Love’s 1967 psych-folk album Forever Changes, a transcendent looking-glass perspective from the otherwise fabled Summer of Love, enjoys its now 40-year existence as a record both frozen in time and timeless. Its sound owes so much to the time in which it was made—David Angel’s string arrangements, in particular, recall those being created concurrently by Jack Nitzsche for Buffalo Springfield and Neil Young, while the surges of baroque folk-rock are decidedly regressive to 21st century ears—yet its narratives of paranoia and prescience can feel remarkably free of epochal debt. As pop music, the album is deceptively exquisite, its unnerving reveal of prophetic signs o’ the times delivered under guise of 12-string acoustic guitars and spry AM-radio horns. “The news today will be the movies for tomorrow”, Arthur Lee sings on “A House Is Not a Motel”, and he’s right—Forever Changes, a claustrophobic and ebullient musing on life, death, and consciousness, is music from then made for now, and now, and now.
Lee and Love made Forever Changes while they were going through changes of their own; two of the band’s members, keyboardist Alban “Snoopy” Pfisterer and woodwind player Tjay Cantrelli, had recently left, while the remaining lineup wasn’t exactly the picture of stability. (In fact, Lee began recording Forever Changes with Los Angeles session musicians, reportedly including Hal Blaine and Carol Kaye, before the rest of the band returned.) Love may have seemed like something of a mid-‘60s Californian hippy cliché—the members all lived together in an L.A. house once owned by Béla Lugosi—but its perspective of cynicism and discontent, gleaned from racial and political unrest at home and abroad, contradicted the vogue of peace and love.
Naturally, this two-disc “collector’s edition” makes the argument for Forever Changes’ timelessness—an aggressive argument, in fact, that arrives a mere seven years after Rhino first reissued the album in 2001. This new edition includes much of the 2001 reissue’s bonus material (the 1967 single “Your Mind and We Belong Together” b/w “Laughing Stock”, a demo for the instrumental “Hummingbirds”, some tracking sessions highlights), but also includes a new alternate mix of the entire album. The alternate mix is, like the original album, in stereo, and therefore only serves as an opportunity to hear Forever Changes with its stereo spectrum slightly rearranged. It isn’t revelatory, but the previously unreleased mix does offer a new perspective on the sometimes loose interplay between instruments (you can actually hear moments where it seems like the band’s cohesion is on the brink of nonchalant collapse), as well as the occasional separation of vocal tracks. Still, it’s not a preferable alternative to the album’s original mix, which keeps a tight lid on the energy of songs like “The Daily Planet”, a rocker in the vein of early Who, and the propulsive “The Red Telephone”.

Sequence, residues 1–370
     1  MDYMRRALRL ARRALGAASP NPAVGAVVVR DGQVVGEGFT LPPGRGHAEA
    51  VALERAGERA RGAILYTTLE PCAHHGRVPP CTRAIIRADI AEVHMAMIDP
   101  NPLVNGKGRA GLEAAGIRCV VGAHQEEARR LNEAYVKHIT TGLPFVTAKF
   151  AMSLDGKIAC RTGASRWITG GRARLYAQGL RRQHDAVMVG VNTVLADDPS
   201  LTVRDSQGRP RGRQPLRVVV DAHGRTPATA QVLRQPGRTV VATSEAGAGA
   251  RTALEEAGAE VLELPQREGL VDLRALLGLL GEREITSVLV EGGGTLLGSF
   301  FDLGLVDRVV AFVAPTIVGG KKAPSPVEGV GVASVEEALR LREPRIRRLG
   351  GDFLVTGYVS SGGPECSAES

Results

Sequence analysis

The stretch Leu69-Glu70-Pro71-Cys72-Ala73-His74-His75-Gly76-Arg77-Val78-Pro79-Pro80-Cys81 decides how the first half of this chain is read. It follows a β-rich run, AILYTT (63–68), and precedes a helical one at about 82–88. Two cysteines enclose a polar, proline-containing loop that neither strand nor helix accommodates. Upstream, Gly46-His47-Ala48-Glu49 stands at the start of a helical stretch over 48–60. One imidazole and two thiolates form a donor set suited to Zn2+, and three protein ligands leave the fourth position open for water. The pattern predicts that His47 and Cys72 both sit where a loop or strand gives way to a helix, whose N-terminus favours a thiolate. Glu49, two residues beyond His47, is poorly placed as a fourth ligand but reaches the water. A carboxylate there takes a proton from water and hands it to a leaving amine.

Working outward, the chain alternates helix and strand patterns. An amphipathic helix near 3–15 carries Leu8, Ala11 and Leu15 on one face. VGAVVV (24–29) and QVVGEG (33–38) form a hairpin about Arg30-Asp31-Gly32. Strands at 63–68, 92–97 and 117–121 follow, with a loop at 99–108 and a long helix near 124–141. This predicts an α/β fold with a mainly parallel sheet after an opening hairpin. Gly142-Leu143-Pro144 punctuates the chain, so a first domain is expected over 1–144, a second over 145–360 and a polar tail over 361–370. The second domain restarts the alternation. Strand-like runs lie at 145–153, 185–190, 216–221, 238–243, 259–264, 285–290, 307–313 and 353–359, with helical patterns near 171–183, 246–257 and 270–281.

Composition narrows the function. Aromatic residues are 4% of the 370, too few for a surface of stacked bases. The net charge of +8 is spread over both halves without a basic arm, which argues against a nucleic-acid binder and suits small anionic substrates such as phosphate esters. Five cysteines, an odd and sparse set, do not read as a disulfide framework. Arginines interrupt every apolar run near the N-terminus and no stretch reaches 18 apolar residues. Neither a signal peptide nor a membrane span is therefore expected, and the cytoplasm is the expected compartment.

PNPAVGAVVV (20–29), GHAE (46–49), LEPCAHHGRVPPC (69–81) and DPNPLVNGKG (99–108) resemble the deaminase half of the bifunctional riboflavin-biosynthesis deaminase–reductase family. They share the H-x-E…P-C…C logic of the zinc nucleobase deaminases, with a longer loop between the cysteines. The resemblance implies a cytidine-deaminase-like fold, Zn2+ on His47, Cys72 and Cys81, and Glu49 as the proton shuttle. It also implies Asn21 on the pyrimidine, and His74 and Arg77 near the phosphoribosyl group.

“The Red Telephone” is literally the centerpiece of Forever Changes, in terms of tracklisting; it is also fairly representative of the album’s capacity for contrasting narrative with ornate musical design. The song has a peculiar chord progression that slides down a few half-steps before doubling back on itself, sung by Lee in his quavering bedside voice. “Life goes on here, day after day / I don’t know if I’m livin’ or if I’m supposed to be / Sometimes my life is so eerie”, Lee sings, mixing the mundane with the mystical, the fatalist with the unknown, while Angel’s strings hover, shroud, and strike with restless animation.
Other tracks, like “Alone Again Or” and “Andmoreagain”, are defined more by finicky structure and an almost classical melodic sense. Written by guitarist Bryan MacLean, “Alone Again Or” fidgets between a sparse solo acoustic guitar part reminiscent of the Mamas & the Papas’ “California Dreamin’” and a cluttered mariachi horn-accompanied refrain. Likewise, “Andmoreagain” stops and starts, its progression like a set of deliberate steps that are thought about before they are taken. “I’m lost in confusions / ‘Cause my things are material”, Lee sings, the melody taking a hesitant downturn at the end of each line. If there’s anything that remains a constant amongst these songs of identity crisis and self-doubt, of encroaching disorder and common chaos, it’s the music—not a symphony, perhaps, but envious of a symphony’s steadfastness.
You wouldn’t know that listening to the tracking sessions highlights for “The Red Telephone”, which quickly disintegrates into an impromptu (and quickly aborted) run through Sam the Sham & the Pharaohs’ “Wooly Bully”. Both tracks are available on Rhino’s collector’s edition, and while they offer a behind-the-scenes puncture of Forever Changes’ stately façade, they’re hardly essential listening. You don’t need miscellaneous documentation to explain what beats behind Forever Changes‘s chest, because it’s all there in the record: the fear of what’s coming, the security of what’s already there, and the erratic beauty of their coexistence.